I do not love cleaning my house, but I love having a clean house. I love relaxing, and am actually able to fully unwind, with a sparkling clean house devoid of clutter. My Sunday morning thanks my Saturday morning for that. Because today, I sat in my sun room with a cup of coffee and my iPad newspaper, and there wasn’t anything that distracted me and got me up to straighten and putter. It was lovely.
When we ran to the store on Saturday for a few odds and ends for dinner, Peter had the foresight to grab a small loaf of brioche to make French toast for breakfast. I was in no hurry, and we lazily sat and sipped our coffee.
But eventually, we got hungry, and were looking forward to the French toast. In my refreshed and caffeinated state, I had a stroke of brilliance. Brown sugar cinnamon butter.
I cannot take credit for this delicious creation. That goes to Austin Java, a local coffee chain that also has a solid breakfast and lunch menu. Though honestly, I’m mostly just familiar with the French toast. Theirs is two thick slices of bread, served with an compound butter. At first, I didn’t realize what I had in store. In a small, white paper cup was a bit of brownish butter. Not one to be shy about slathering my breakfast in butter, I smeared some on. I’m not a big fan of syrup, so I left it at that and took a bite. The toast was good, but OH-MY-GOODNESS, that butter!
After several trips back for French toast, Peter and I took to calling it “crack butter” for its addictive nature. It seems utterly impossible to not use every last bit that is served to you. It makes you want to lick your plate. It is seriously good.
So as I started to slice the bread for French toast this morning, I was thinking that while I love cinnamon French toast, when you just put cinnamon in the custard it never really incorporates and there really isn’t a pronounced cinnamon flavor. That’s when I remembered the crack butter, and I thought, “how hard can it be?” Turns out, not that hard.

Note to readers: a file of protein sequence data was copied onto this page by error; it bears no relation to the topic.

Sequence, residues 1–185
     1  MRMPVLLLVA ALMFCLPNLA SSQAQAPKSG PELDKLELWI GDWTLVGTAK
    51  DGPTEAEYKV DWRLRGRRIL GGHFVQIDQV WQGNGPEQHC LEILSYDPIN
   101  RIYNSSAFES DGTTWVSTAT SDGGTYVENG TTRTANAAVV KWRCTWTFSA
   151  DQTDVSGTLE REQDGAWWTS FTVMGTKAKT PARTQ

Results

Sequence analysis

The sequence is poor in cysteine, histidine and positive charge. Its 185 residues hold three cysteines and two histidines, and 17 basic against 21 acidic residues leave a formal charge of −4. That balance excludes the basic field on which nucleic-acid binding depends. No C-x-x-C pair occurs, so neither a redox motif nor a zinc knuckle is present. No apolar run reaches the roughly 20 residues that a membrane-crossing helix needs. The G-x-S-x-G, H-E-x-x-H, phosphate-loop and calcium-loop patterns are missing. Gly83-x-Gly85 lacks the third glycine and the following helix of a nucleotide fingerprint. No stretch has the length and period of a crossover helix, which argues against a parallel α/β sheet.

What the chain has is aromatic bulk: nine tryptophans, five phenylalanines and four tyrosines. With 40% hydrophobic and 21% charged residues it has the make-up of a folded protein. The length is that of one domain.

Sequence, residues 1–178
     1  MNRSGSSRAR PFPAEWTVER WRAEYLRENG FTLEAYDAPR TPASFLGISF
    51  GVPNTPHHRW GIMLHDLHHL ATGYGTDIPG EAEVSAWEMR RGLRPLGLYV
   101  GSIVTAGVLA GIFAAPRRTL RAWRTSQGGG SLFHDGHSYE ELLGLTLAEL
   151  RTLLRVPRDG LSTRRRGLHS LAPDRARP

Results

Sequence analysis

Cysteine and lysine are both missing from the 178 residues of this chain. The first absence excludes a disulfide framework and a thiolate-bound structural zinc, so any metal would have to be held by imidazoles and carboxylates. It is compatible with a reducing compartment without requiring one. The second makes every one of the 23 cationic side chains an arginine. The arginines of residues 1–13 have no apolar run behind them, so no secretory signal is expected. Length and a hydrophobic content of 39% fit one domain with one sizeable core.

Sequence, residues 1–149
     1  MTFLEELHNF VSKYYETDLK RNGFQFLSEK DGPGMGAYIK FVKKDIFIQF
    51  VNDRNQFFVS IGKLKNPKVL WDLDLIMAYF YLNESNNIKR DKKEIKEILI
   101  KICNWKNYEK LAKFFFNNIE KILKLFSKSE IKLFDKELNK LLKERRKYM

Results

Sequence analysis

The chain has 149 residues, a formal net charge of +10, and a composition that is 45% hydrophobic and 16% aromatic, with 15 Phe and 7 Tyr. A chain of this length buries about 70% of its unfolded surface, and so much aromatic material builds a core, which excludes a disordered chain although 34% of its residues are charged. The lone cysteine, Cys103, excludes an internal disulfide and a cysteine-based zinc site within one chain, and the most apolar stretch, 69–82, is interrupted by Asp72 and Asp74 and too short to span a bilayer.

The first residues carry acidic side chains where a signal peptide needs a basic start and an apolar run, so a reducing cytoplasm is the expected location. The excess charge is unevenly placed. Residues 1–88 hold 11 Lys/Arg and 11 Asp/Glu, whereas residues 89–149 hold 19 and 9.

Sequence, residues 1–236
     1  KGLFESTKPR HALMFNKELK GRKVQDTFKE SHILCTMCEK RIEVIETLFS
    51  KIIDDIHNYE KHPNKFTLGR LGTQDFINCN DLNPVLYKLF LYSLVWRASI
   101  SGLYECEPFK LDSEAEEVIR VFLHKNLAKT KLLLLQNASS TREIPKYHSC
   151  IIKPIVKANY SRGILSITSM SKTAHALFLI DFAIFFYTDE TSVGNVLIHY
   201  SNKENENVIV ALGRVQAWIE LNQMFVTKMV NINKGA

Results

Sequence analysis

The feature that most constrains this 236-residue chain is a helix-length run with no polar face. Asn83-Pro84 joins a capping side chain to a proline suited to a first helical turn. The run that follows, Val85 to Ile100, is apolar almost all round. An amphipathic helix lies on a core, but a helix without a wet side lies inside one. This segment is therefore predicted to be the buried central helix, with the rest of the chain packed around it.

I immediately took out a stick of butter to soften. I whisked some eggs with cream and vanilla and sliced the brioche. Then I started whipping the butter with brown sugar and cinnamon. At first it didn’t pack enough of a punch, so I added more.
After soaking the bread and cooking the French toast, we spread on the butter. Peter did so with gusto, I was a little more conservative. But after two bites, I was back for more. For something so easy, it sure was delicious. I ate mine with just the butter, though Peter used just a bit of maple syrup.
The best part? We have leftover butter in the fridge, just waiting for another lazy Sunday French toast day.
Brioche French Toast with Brown Sugar Cinnamon Butter
Serves 2-3 people, depending on the size of your loaf of bread. The butter will serve 8.
Challah is an excellent substitute if you cannot find brioche, but any good quality bread will work. The French toast recipe is very flexible, so use your best judgment based on how much bread you have and how many people you are serving.
Brown Sugar Cinnamon Butter
1 stick butter, softened
2 Tablespoons packed brown sugar
2 teaspoons Cinnamon
Beat the butter with the brown sugar and cinnamon, until fully incorporated. Will keep in the refrigerator for several weeks, if you can resist eating it for that long.
Brioche French Toast
1 small loaf Brioche, sliced about ¾ inch thick
3-4 large eggs
¼ cup, or less, heavy cream, half-and-half or whole milk
1 teaspoon vanilla
Butter, for cooking
Heat a skillet or griddle to medium heat. Soak each piece of bread on both sides in egg custard for a few minutes, or until softened. Butter the griddle generously. It is okay if the butter browns a little bit, since this helps you get a beautiful golden crust. But do not let it burn. Cook each piece of bread for 2 minutes or so on each side, or until nicely browned and cooked through.
Serve while hot with the brown sugar cinnamon butter, and do not be shy to use it liberally. Licking your plate clean afterwards is not only acceptable, but a huge help to the cook (an extra bonus if that is YOU!).